On the whole, power and knowledge work in two different ways in Cloud Atlas, on the one hand in the sense of Foucault’s analysis of power and knowledge, in the context of which power is seen as “something which circulates” (Foucault, Power/Knowledge 98) and is never localized anywhere (Wolfreys 197) and on the other hand as the result of a biologically based human drive for more. The connections of power and knowledge which structure society and are beyond the control of the individual are demonstrated in the novel in different ways. For example, the exercise of power over the native populations of the Pacific is justified by what is seen as scientific knowledge, as truth: the superiority of the white race and the various degrees of inferiority of the other races (e.g. 506–08 “The Horrox Ladder of Civilization”). And, as the novel makes clear, those who use power in this way often act according to what they think is true and rightful, like the missionaries on Raiatea (498, 501). The same is true for the staff in the old people’s home where Timothy Cavendish is kept (“The woman was sincere – bigots mostly are – but no less dangerous for that […]” [403]). Here, the nurses act in keeping with normalizing discourses (Foucault, Discipline 184). The novel shows how “Aurora House” produces “old people”, not only by making their difference (especially a slowness and confusion about the modern world) more visible through medical examination but also by heightening or bringing about their deviation from what is considered as normal. To bring this about they are infantilized by denying them meaningful mental or physical exercise (e.g. 372–73).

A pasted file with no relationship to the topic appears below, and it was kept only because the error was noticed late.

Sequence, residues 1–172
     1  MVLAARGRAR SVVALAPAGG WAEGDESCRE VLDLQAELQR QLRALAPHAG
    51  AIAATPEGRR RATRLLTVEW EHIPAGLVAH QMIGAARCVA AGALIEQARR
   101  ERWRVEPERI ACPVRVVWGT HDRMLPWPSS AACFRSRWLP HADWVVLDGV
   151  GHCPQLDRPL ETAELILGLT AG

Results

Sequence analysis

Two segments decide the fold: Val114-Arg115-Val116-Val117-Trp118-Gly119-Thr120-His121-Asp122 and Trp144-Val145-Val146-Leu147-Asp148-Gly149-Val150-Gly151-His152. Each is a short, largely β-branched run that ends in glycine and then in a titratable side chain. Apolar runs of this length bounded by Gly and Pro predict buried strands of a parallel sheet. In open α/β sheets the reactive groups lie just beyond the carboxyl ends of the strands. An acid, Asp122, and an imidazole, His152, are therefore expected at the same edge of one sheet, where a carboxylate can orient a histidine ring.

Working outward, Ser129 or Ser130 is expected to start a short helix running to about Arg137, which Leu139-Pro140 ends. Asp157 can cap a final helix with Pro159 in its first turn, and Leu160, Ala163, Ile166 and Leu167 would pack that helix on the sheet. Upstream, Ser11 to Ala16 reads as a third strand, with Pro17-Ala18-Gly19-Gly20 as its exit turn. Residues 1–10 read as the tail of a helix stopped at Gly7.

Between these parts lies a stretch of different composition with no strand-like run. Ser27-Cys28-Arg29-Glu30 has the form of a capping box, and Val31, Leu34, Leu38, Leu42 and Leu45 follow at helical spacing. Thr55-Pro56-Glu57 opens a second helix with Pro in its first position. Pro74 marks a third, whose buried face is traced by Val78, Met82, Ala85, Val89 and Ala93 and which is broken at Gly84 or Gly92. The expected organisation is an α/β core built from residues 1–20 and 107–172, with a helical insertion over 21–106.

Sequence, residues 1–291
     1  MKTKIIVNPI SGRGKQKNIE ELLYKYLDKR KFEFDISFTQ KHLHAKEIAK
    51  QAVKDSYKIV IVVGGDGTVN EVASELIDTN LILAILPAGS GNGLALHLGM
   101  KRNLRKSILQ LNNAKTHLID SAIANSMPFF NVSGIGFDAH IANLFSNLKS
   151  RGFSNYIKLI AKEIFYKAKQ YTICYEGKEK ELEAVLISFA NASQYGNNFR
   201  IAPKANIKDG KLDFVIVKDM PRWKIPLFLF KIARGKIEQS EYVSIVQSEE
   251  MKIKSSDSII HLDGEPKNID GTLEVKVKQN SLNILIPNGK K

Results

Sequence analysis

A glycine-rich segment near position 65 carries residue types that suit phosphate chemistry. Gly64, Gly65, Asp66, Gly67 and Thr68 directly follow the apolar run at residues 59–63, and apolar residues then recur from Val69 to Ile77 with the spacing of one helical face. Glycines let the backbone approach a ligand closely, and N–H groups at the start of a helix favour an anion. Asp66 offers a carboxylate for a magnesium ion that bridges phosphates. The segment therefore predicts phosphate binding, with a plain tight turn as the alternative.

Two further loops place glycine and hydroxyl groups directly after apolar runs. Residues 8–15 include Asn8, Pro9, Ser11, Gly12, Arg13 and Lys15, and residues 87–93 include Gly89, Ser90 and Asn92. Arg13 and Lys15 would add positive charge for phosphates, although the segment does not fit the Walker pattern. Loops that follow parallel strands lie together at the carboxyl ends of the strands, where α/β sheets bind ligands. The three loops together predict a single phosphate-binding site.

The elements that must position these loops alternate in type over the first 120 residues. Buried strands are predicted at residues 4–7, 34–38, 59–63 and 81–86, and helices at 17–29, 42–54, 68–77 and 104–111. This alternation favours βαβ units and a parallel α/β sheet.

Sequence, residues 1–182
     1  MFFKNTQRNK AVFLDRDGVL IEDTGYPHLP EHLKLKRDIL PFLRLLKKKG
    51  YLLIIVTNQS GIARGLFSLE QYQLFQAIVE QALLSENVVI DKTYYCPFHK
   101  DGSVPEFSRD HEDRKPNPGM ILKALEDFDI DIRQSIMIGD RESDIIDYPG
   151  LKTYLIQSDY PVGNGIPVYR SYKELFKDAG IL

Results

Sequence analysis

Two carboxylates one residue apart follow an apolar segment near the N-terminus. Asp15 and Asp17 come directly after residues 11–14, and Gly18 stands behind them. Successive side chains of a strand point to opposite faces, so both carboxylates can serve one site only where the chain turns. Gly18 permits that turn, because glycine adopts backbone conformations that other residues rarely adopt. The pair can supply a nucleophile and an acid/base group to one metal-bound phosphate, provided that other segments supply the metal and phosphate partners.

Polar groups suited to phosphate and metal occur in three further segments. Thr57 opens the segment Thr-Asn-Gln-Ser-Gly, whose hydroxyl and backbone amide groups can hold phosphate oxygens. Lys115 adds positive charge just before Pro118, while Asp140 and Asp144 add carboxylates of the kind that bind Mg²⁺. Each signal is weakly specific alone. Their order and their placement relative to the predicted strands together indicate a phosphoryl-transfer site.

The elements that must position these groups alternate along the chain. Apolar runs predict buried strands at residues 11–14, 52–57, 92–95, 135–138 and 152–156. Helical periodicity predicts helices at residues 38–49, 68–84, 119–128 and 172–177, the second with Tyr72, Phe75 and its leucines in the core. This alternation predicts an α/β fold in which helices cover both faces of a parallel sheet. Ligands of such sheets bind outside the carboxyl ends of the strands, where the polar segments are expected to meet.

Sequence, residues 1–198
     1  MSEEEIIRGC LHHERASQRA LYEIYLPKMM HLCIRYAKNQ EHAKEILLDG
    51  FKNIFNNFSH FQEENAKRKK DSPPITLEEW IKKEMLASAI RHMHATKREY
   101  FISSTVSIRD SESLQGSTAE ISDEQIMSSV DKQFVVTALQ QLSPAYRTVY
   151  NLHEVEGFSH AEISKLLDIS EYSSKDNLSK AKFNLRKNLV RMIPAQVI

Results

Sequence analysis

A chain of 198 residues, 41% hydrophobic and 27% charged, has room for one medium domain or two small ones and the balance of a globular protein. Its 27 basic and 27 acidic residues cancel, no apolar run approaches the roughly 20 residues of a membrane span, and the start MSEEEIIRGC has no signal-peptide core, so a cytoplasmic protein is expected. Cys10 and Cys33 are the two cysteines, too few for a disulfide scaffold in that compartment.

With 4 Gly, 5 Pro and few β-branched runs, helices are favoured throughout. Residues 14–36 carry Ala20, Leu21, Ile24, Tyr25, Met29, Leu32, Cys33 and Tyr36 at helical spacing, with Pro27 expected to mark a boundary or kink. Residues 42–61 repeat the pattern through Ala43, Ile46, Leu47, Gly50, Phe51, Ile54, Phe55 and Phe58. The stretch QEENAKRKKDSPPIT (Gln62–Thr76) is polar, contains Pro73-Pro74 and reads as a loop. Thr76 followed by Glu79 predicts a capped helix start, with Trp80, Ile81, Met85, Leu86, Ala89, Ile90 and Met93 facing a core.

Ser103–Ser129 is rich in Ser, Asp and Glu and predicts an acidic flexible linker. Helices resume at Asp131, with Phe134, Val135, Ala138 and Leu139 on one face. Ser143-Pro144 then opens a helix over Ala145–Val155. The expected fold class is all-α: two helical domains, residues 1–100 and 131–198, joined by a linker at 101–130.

In the “Sonmi~451”-episode, the university, a place especially associated with the search for truth, is structured through discourses of power, as it is dominated by the Unanimity Faculty (242), Unanimity being the corporation which rules Nea So Copros. Moreover, the university is characterized by the faculties which are most relevant in Nea So Copros, i.e. those concerned with genetics (e.g. the Faculty of Genome Surgery and the Faculty of Psychogenomics, 214). Here truths are produced which justify the division of the population into humans and fabricants (human and non-human) as well as in different social strata (the superiority of those who are genetically enhanced and therefore have a right to higher positions in society (231, 237). This exemplifies that “[d]isciplines of knowledge always divide the ← 260 | 261 → human population into distinct categories that are one of the prime instruments of power” (Mansfield 59).

In contrast to the workings of power described above, Cloud Atlas also posits an apparently transcultural “hunger for more” (199, 286, 508–09), which enables material, cultural and technological advances and the development of civilization, but, in the form of a ruthless rule of the strongest, is also the means of humanity’s self-destruction, leading to the “Fall” which has preceded episode six. The ambivalent result of the human “hunger for more” is summed up by one of the characters in “Letters from Zedelghem”: “Our will to power, our science, and those v. [sic] faculties that elevated us from apes, to savages, to modern man, are the same faculties that’ll snuff out Homo sapiens before this [the 20th] century is out!”2 (462, cf. 286).

The novel gives many examples of the destructive aspect of knowledge as a result of the human “hunger for more,” as knowledge is depicted as a central means of ascertaining and furthering the power of individuals and – as shown above – of ruling elites. Greedy individuals – who often openly adhere to a belief of the right of the strongest to rule – take advantage of power and knowledge offered to them (131–32, 508). In “The Pacific Journal,”, many of the people Adam Ewing meets are seeking their own gain, are willing to exploit, lie to or kill others. Examples of this are Dr. Goose who befriends Ewing, only to poison him to steal his money, or the captain of the Prophetess and his mate who are only interested in their gain, consequently mistreat and exploit their crew and lie to the missionaries on Raiatea. In “Half-Lives – The First Luisa Rey Mystery” Alberto Grimaldi, the Chairman of Seaboard, is willing to do anything to keep his power but is in turn killed by an equally ruthless rival (408–10).